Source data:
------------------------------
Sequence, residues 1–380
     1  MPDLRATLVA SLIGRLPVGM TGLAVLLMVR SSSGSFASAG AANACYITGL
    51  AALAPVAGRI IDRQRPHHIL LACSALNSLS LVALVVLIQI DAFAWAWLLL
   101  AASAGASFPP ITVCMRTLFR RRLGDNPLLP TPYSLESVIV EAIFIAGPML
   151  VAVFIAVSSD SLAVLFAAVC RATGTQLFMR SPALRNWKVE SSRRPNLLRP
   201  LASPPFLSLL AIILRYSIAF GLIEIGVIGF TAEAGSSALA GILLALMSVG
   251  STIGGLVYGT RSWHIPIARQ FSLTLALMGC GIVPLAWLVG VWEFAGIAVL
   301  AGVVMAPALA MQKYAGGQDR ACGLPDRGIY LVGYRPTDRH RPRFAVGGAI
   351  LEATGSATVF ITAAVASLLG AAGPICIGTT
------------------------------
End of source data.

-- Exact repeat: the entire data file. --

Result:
Sequence, residues 1–380
     1  MPDLRATLVA SLIGRLPVGM TGLAVLLMVR SSSGSFASAG AANACYITGL
    51  AALAPVAGRI IDRQRPHHIL LACSALNSLS LVALVVLIQI DAFAWAWLLL
   101  AASAGASFPP ITVCMRTLFR RRLGDNPLLP TPYSLESVIV EAIFIAGPML
   151  VAVFIAVSSD SLAVLFAAVC RATGTQLFMR SPALRNWKVE SSRRPNLLRP
   201  LASPPFLSLL AIILRYSIAF GLIEIGVIGF TAEAGSSALA GILLALMSVG
   251  STIGGLVYGT RSWHIPIARQ FSLTLALMGC GIVPLAWLVG VWEFAGIAVL
   301  AGVVMAPALA MQKYAGGQDR ACGLPDRGIY LVGYRPTDRH RPRFAVGGAI
   351  LEATGSATVF ITAAVASLLG AAGPICIGTT